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May 6, 2016
Massive, Historic New Mexico Water Project Gets More Money; Next Phase of Work Anticipated
For Wesley Shafer it’s been a long wait—and there’s still more waiting to do.
“I think the pipeline will probably get here in about 8 or 9 years,” he remarks with a laugh. “So we still have a ways to go yet.”
But the fact that a new supply of water may someday be available in the village of Grady, New Mexico is good news, no matter what.
“We get our water right now from the wells,” says Shafer, who is the mayor of Grady, which is in eastern New Mexico not far from the border with Texas, and has a population of just over 100 people.
“And as long as our wells are good, we’re ok,” he adds.
But supporters and organizers touting the need for the more than $500 million Ute Water Project, which will build a water pipeline from the Ute Reservoir to communities like Grady, say there is no guarantee that the current sources of water in the area will last forever.
“When people ask, ‘How do you stick with a project this big?’ the answer is that, honestly, we don’t have any choice,” says Gayla Brumfield, the chair of the Eastern New Mexico Water Utility Authority (ENMWUA), which is tasked with seeing the completion of the long-planned project.
“Our water situation here is to the point that our ground water is depleting and there is not any recharge,” says Brumfield. “So we have to stick with it because the pipeline is going to be our only source of a sustainable water supply.”
Talked about for years, the Ute Water Project was passed by Congress and signed into law by President Obama in 2009.
Initial funding has so far fallen short of the total estimated cost of the project, which today is thought to be around $550 million.
The funding that has come in is made up of federal, State of New Mexico and local support, with the most recent allotment, $2.7 million, coming as a grant through the Bureau of Reclamation.
“That money will go to the construction on a phase of what we call the interim ground water project,” says Justin Howalt, the executive director of ENMWUA.
“We’ve got three design packages of the interim ground water work and we’ll break those down into smaller packages to align with available construction dollars,” continues Howalt.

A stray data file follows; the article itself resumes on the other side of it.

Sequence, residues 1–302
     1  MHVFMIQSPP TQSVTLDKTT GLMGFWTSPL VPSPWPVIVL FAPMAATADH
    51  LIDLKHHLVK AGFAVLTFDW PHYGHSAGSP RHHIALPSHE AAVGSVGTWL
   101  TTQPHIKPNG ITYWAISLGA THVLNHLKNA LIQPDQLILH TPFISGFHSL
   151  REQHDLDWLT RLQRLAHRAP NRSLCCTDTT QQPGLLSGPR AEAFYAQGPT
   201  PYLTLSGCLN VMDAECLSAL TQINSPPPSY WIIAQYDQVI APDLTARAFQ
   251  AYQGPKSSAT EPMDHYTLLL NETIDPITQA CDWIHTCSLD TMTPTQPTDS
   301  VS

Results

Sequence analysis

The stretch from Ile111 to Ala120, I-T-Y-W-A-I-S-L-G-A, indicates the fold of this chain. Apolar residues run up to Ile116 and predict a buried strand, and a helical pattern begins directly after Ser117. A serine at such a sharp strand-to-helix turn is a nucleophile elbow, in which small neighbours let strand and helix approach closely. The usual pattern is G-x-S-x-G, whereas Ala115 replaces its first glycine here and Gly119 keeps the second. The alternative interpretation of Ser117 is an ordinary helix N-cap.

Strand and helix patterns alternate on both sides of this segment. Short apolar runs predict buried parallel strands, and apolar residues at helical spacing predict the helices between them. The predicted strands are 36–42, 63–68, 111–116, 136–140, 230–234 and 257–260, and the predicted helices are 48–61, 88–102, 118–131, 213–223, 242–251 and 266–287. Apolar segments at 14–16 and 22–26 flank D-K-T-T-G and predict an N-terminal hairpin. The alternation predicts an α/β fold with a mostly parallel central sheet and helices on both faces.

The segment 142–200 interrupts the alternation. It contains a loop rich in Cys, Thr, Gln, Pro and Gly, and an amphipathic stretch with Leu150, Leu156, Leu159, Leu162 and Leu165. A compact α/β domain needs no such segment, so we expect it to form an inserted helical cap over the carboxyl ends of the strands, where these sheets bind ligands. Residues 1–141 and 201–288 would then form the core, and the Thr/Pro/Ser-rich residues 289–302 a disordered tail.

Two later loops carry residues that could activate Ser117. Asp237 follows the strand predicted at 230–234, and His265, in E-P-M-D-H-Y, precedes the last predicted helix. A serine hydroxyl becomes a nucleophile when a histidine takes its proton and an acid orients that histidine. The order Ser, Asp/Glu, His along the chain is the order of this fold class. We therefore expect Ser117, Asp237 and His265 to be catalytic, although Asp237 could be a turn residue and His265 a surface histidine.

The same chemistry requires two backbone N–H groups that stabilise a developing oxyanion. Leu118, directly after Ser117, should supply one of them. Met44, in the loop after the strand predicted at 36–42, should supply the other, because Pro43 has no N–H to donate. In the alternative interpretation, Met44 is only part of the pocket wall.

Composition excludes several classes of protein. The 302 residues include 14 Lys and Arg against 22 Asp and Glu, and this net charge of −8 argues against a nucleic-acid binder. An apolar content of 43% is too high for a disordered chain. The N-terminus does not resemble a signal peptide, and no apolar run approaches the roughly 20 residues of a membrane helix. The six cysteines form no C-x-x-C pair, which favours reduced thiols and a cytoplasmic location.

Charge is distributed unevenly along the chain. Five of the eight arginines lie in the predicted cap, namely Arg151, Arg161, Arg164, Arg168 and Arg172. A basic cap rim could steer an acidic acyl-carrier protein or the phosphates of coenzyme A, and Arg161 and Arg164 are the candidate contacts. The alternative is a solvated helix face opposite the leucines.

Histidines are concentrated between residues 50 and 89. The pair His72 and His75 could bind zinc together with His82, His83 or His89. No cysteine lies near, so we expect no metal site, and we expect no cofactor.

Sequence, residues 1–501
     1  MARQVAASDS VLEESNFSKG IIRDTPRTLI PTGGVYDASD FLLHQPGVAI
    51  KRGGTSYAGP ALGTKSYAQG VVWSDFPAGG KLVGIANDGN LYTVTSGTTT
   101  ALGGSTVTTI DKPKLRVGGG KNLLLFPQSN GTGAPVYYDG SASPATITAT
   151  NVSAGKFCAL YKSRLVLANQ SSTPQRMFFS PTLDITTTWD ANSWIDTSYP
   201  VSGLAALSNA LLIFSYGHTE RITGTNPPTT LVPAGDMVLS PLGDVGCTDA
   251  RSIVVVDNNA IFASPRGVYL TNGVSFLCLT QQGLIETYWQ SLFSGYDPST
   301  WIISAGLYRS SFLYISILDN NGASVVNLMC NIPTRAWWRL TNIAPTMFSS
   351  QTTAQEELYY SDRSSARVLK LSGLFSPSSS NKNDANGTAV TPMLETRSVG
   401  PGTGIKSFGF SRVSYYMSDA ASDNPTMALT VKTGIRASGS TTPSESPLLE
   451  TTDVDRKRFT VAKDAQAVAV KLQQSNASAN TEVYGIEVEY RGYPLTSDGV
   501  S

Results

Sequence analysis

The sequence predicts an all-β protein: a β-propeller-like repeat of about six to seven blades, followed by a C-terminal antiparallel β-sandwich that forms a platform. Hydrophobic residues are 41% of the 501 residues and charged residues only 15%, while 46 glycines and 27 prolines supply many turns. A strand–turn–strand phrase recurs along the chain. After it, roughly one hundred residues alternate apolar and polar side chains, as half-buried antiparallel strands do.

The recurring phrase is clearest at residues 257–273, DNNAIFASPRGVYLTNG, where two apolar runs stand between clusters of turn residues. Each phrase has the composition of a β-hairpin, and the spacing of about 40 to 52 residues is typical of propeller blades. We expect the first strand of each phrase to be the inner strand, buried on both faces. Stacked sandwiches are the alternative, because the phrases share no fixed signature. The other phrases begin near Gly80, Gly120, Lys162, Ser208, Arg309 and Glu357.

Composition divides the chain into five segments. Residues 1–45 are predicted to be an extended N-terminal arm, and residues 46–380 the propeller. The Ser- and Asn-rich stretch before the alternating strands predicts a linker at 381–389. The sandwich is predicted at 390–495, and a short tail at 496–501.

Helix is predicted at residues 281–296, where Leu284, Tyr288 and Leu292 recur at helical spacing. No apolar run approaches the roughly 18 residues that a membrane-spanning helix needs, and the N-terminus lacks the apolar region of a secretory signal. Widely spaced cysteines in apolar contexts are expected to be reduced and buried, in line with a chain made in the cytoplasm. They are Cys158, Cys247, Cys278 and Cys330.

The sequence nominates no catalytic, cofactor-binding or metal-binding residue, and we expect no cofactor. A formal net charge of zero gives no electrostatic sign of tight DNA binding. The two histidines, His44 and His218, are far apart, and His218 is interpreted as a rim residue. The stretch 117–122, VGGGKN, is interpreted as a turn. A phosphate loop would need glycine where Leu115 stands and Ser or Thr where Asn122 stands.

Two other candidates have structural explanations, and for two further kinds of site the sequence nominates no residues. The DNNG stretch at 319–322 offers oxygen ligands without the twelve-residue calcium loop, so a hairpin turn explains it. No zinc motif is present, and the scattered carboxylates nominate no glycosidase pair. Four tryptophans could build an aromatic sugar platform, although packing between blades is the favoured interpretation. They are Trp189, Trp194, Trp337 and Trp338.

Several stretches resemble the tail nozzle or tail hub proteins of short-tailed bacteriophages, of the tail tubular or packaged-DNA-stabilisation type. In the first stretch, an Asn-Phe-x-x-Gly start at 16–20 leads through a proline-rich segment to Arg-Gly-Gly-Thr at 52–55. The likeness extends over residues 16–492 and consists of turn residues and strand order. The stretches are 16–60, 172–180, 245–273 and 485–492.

If hundreds of millions to build the project defy imagination, that’s because the Ute Water Project itself pushes imagination’s boundaries.
Altogether, what is being described as the most expensive public infrastructure project in New Mexico history will see the building of around 150 miles of conveyance pipes, designed to move Ute Reservoir water in the northeastern part of the state to the Cannon Air Force Base and the communities of Clovis, Elida, Grady, Melrose, Portales, and Texico.
The project includes the building of a raw water intake structure and pump station at the Ute Reservoir; a booster pump station and a 1 million-gallon storage tank in Quay County; a water treatment plant, also in Quay County; and a pump station in Roosevelt County, among other features.
“We have already started construction on the intake structure up at the reservoir. The first phase of that is completed,” says Howalt of work that saw the building of a 90 foot-deep shaft, 50 feet in diameter.
INTAKE BENCH BLAST, COURTESY ENMWUA.
That work also included the installation a 60-inch diameter, 250 foot-long intake tunnel, as well as intake screening weighing 10,000 pounds with a surface area of 400 square feet, used to filter out debris
Next up is work on the pipeline itself, which will be built in four phases.
The first phase will see construction of the pipeline directly to Cannon Air Force Base and Clovis. The second phase will take the pipeline to Portales, with the third phase going to smaller entities in the project’s target range.
The last, much-anticipated phase will see the construction of a pipeline heading back to the Ute Reservoir.
“It’s been a project that there has been a lot of talk about for a long time” concedes Brumfield. “But as we see the federal funds start to come in more and quicker, work on it will pick up.”
Brumfield adds that even though the project is massive and slow-moving, “It is not going to go on for the rest of our lives. There will someday be an end point. We just have to stick with it to get there.”